Looking back over the last few years, you can see the ways that the Bush Administration has gamed and marginalized its opponents. But this belongs to the realm of public life, and some future history of this era will have to come to terms with the private dimension as well, the tiny invisible lines between the public and private realms, just as cold war historians have tried to do for life in the 1950s. And it seems to me that what has really characterized private life in this era has been a numbing of the historical faculty, a feeling that someone is making history, but it’s not us, and indeed that history has nothing much to do with us. Although the time has gone by for me as quickly as time in a busy life ever goes, until very recently I had the feeling that time (historical time, anyway) had somehow stopped, that things had been this way forever and would go on the same way forever. Bad men were doing bad things in the name of authority and nothing anyone said or did about it seemed to make any difference. Political culture had congealed into a frozen eternity, it seemed, and so the routine was to start the day by reading the newspaper in mounting impotent rage, and then go to work, and then come home, listening to the news on the car radio (again with impotent rage), and start making dinner. Political awareness was no less acute than at any other time, but it had been contained somehow, walled off from the rest of life: it was not that you didn’t know what was going on, it was only that it didn’t matter. It would be wrong, a historical caricature, to say that this has been a time of ideological weakness or timidity, an era of conformity, etc., as historians so often do with the cold war. (I think it’s wrong when people tell that story about the cold war, too.) But as I’ve argued before, the signal achievement (if that’s the right word) of the Bush era, or the leader cult we might call Bushism, has not been the crushing of dissent, but the debasing of public language to the extent that dissent just doesn’t matter much. The last eight years of criticism of Bushism has been like the turning of a stripped screw — motion without force.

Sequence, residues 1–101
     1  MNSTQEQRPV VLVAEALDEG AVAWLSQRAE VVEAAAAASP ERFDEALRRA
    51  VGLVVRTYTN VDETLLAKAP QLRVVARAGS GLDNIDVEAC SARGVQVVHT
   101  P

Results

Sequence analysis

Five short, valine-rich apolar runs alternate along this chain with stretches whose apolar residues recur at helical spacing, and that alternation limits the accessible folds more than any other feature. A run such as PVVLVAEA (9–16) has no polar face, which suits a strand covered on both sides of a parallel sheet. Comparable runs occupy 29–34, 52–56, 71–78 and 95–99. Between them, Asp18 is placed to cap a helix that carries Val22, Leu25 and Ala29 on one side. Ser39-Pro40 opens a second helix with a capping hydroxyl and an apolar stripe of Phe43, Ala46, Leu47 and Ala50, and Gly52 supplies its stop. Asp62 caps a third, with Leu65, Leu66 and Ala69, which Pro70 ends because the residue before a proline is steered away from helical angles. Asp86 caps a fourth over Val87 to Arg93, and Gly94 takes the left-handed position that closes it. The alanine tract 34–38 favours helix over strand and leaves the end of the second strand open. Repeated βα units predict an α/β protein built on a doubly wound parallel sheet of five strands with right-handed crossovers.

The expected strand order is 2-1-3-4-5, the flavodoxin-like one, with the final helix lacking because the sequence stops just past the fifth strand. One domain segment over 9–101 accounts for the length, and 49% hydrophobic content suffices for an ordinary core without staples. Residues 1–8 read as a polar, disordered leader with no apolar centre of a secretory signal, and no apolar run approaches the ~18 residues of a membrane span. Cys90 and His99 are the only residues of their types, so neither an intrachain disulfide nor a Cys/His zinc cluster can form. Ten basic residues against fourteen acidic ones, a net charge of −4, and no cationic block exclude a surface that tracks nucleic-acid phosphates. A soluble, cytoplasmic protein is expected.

One of the things I’ve been writing about recently is how the revolutionary left in the 1960s felt the nearness of history, almost as if history were a living thing, a great beast they could feel moving beneath them. That historical faculty, that sixth sense by which we can feel the movements of history, has been long disused, gone cold and stiff, atrophied and pinched, forgot we had it. But it’s warming up, unclenching, we’re feeling it again. I apologize for all the “we” stuff. As Wayne Koestenbaum says, “I say ‘we’ wishfully, hypothetically.” But it’s a hypothesis with a certain number of data points now. I can feel it when I talk to people here, even when we’re not talking about politics. You can see it in the huge crowds that Obama draws, in the news stories about long patient lines for early voting across the country. No-one knows what’s going to happen on Nov. 4, but something is going to happen. Things were static for a long time and now they’re starting to move very quickly indeed. Who knows where it’s all going? It could be disaster just as easily as triumph. (Things didn’t work out so great in the 1960s, after all.) But one way or the other, we are now all (to continue my metaphor) on the back of this beast, very big now running very fast indeed, and we know it: we can feel it.
A side note: since I started typing this post, the ATF announced that it has foiled an assassination plot against Obama and Ted Stevens has been found guilty of corruption. It reminds me of a joke Dennis Leary once made about how much TV guys his age watch: they turned on the TV in 1963 and saw Oswald get shot, so they never wanted to turn it off again.
Obama figured all this stuff out, y’know, which is why he’ll probably win. (Though let’s not get complacent.) “Yes we can” turned out to be a pretty appropriate political slogan.